biology field, he said.
Prof. Gerhardt said that the so-
ciety is publishing more works and
has utilized the facilities of a lo-
cal printing concern in the past.
The society hopes to increase its
membership to some 8,500 mem-
bers within the next five years,
Prof. Gerhardt explained.
The society's executive secre-
tary is R. W. Sarber, who along
with Robert A. Day.managing edi-
tor, will be relocated to the new lo-
cal headquarters in the Huron
View building, which is being com-
pletely remodeled for the society.
Full Chamber Orchestra, Chorus
Tonight and Sunday at 7 and9
Robert Louis Stevenson s
THE B ODY SNATCHER.
Boris Karloff, Bela Lugosi,
Plus: COMEDY PROGRAM-
Cuckoo Waltz, Pow Wow, Buster Keaton short
We o re now
PIZZA and SUBS
CC ME i
Feature starts -6DIAL
at 1:00-3:00-5:00 6264
t17:05 and 9:20
HE UMSED LOE UKE
IMOWME14 USE MONIV
PAUL NEWMAN- GERALDINE PAGE
SAS om W
ST. ANDREWS CHURCH and the
306 North Division
Phone NO 2-4097
8:00 A.M. Holy Communion.
9:00 A.M. Holy Communion followed by
breakfast at the Canterbury House.
(Morning Prayer on first Sunday of
11:00 A.M. Morning Prayer and Sermon
(Holy Communion on first Sunday of
7:00P.M. Evening Prayer.
7:00 A.M. Holy Communion
7:00 A.M. Holy Communior followed by
breakfast at the Canterbury House
(over in time for 8:0J0 classes)
12:10 P.M. Holy Communion followed by
lunch at the Canterbury House.
5:15 P.M. Daily Evening Prayer.
National Lutheran t
Hill Street at S. For
Henry 0. Yoder, Pa
Miss Anna M. Lee,+
Phone: NO 8-7622
9:30 Worship Service
11:00 Worship Service
3:00 P.M. Meet at the
FIRST CHURCH C
1833 Washtenaw A
1 1 :00 a.m. Sunday Ser
8:00 p.m. Wednesda'
9:30 a.m. Sunday Sc
11:00 a.m. Sunday Sc
6 years of age.)
A free reading room is
Liberty St. Readingl
thru Saturday 10:0
Sundays and Holi
7:00 to 9:00.
ENT CENTER FIRST METHODIST CHURCH
and WESLEY FOUNDATION
Council State and Huron Streets, Tel. 8-6881
est Ave. Dr. Hoover Rupert Minister
stor Rev. Eugene A. Ransom, Campus Minister
Counselor Rev. Jean Robe, Associate Campus Minister
9:00 and 11:15 A.M. Morning Worship.
day "Priced for the World," Dr. Rupert
and Communion 7:00 P.M. Worship and Program.
e Center for a picnic. MONDAY
12:00 noon-Student Cabinet luncheon, Pine
)F CHRIST, TUESDAY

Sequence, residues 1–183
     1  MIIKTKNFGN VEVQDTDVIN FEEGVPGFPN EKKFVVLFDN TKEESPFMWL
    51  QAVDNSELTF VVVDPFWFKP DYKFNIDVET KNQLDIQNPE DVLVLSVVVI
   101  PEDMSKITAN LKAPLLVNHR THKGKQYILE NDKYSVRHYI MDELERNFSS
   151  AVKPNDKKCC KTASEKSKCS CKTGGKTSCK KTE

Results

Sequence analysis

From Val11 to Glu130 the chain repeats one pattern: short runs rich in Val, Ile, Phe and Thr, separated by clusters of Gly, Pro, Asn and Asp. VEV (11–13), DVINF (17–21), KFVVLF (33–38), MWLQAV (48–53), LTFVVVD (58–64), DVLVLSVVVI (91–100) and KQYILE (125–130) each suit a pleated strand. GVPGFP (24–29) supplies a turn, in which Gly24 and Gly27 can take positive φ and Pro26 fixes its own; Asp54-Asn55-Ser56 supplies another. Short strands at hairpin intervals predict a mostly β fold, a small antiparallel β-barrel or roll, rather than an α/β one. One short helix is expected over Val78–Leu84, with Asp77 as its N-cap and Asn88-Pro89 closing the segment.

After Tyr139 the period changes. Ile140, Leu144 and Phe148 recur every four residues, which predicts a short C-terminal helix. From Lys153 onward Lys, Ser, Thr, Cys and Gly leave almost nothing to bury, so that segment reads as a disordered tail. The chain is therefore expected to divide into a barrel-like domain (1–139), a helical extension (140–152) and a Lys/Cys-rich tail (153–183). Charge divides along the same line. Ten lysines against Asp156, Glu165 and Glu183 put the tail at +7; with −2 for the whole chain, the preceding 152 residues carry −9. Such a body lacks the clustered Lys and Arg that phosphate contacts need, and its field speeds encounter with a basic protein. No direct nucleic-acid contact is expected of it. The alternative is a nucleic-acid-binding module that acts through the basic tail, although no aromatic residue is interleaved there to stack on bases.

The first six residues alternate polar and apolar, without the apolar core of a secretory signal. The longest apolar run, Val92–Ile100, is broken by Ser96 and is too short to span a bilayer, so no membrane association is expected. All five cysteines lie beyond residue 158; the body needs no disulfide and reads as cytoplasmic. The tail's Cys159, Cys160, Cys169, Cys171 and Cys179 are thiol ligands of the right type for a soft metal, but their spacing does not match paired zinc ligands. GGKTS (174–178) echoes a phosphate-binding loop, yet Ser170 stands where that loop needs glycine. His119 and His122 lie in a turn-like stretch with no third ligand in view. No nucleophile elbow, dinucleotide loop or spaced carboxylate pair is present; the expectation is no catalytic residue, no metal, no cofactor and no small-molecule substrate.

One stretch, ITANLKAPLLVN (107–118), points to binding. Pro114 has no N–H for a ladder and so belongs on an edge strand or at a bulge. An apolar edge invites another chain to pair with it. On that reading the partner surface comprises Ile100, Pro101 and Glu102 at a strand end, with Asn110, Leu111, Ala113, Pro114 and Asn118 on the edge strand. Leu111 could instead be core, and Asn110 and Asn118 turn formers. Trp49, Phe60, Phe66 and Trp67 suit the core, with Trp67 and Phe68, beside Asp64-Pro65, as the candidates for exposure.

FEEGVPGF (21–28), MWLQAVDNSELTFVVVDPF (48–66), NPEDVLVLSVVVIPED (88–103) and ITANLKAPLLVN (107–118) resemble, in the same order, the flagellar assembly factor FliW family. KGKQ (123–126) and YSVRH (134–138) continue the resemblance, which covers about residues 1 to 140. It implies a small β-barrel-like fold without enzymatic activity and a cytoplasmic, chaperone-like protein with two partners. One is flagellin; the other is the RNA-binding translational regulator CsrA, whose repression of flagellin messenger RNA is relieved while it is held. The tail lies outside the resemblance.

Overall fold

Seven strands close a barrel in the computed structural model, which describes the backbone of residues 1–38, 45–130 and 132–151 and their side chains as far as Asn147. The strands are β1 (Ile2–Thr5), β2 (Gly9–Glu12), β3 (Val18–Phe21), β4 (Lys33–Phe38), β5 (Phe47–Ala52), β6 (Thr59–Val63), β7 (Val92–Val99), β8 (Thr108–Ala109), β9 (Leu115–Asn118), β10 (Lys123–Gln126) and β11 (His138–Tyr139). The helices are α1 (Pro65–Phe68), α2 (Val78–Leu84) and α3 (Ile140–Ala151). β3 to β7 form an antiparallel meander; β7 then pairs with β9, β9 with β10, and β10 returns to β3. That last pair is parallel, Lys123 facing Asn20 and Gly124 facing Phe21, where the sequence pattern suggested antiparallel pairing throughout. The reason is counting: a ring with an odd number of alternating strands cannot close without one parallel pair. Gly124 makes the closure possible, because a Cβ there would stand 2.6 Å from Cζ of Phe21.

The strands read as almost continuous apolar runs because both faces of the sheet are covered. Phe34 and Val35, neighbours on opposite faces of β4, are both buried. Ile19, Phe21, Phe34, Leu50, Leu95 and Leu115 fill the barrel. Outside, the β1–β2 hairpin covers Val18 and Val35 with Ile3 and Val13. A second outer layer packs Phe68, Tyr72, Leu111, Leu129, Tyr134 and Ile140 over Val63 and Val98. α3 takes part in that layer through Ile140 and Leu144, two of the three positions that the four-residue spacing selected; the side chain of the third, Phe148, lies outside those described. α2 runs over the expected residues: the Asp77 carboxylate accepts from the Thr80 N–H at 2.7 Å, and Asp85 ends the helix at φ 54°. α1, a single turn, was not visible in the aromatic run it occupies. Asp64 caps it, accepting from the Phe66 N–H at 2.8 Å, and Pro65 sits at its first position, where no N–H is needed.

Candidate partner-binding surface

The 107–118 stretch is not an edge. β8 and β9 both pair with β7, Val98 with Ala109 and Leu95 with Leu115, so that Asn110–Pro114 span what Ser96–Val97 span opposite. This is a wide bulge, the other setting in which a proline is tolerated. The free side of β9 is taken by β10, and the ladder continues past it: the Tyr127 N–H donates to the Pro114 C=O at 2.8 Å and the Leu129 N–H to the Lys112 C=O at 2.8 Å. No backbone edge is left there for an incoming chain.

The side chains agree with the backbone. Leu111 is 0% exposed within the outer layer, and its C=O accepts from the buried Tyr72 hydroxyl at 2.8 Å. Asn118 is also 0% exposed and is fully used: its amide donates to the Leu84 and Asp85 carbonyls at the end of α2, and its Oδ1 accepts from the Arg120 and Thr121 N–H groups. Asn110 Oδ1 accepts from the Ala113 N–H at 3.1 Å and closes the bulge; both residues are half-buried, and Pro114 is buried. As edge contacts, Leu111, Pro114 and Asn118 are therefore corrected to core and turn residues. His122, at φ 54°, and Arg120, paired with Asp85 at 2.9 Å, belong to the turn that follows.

5:10 P.M. Church Related Vocations, supper
in the Pine Room,
ye. 8-11 P.M. Open House, Jean Robe's
y Services. WEDNESDAY
hool (up to 20 years of 7:00 A.M. Holy Communion, Chapel. Break-
fast. Pine Room.
hool (for children 2 to THURSDAY
7:30 P.M. Kappa Phi.
maintained at 306 East FRIDAY
Room hours are Monday 4:00 P.M. Wesley Foundation Annual Meet-
(0 a.m. to 5 p.m. except ing, Board of Directors and Student Cabinet
days. Monday evening meet with Bishop Marshall R. Reed for
program and dinner. Social Hour.
5:45 P.M. Wesley Grads, dinner in Pine Room.
C*NM ETR " OCoioR
4~1 ii i
Shows at 7 and 9 p.m.
"ONE OF BERGMAN'S "POWERFUL"
MOST POWERFUL - "Y.rim"
-Life Magazine A G0
BEST FOREIGN FILM
OF THE YEAR
2nd Big Week!
Aa demy A ward Winner;
Exclusie specialEagagpef gBest Actor!
NO RE$ERVED SEAT$1 Maximilan Schel
3 PERFORMANCES DAILY! Best Screenplay!
THE EVANGELICAL UNITED
Corner of Miller and Newport
John G. Swank, Pastor
Telephone NOrmandy 3-4061
Church School 10:00 A.M.
Morning Worship 1 1:00 A.M.
Washtenaw at Forest
The Reverend Leonard Verduin, Postor
Sponsored by the Christian Reformed
Churches of Michigan
10:00 A.M. Worship Services
1 1:15 A.M. Coffee Hour
7:00 P.M. Vesper Worship Service
ANN ARBOR FRIENDS MEETING
1420 Hill Street
Herbert Nichols, Clerk
Anthony and June Bing, House Directors
10:00 A.M. Sunday School, Adult'Discussion,
11:00 A.M. Meeting for Worship.
UNIVERSITY LUTHERAN CHAPEL
AND STUDENT CENTER
(The Lutheran Church-Missouri Synod)
1511 Washtenaw Avenue
Alfred T. Scheips, Pastor
Thomas Park, Vicar
THE CHURCH OF CHRIST
530 W. Stadium at Edgwood
John G. Makin
Phone NO 2-2756
10:00 A.M. Bible School.
1 1:00 A.M. Regular Worship.
6:30 P.M. Evening Worship.
7:30 P.M. Bible Study.
C - - -11 K% ti n Ac99 ,
Sunday at 9:45 and 11 :15: Worship Servi
Sunday at 9:45 and 11:15: Bible Study Gr
Sunday at 6:00: Gamma Delta Supper-Prod
Sermon by the Vicar, "Faithfulness in Li
Wednesday at 8:15: Chapel Assembly.
Wednesday at 10:00 P.M. Midweek Devo
United Church of Christ
423 South Fourth Ave.
Rev. Ernest Kloudt, Postor
Ser Trac Dll usir RicherlWilmarK
iie aim prich Jy ill a aximilaSchel
I __-- ____________________ I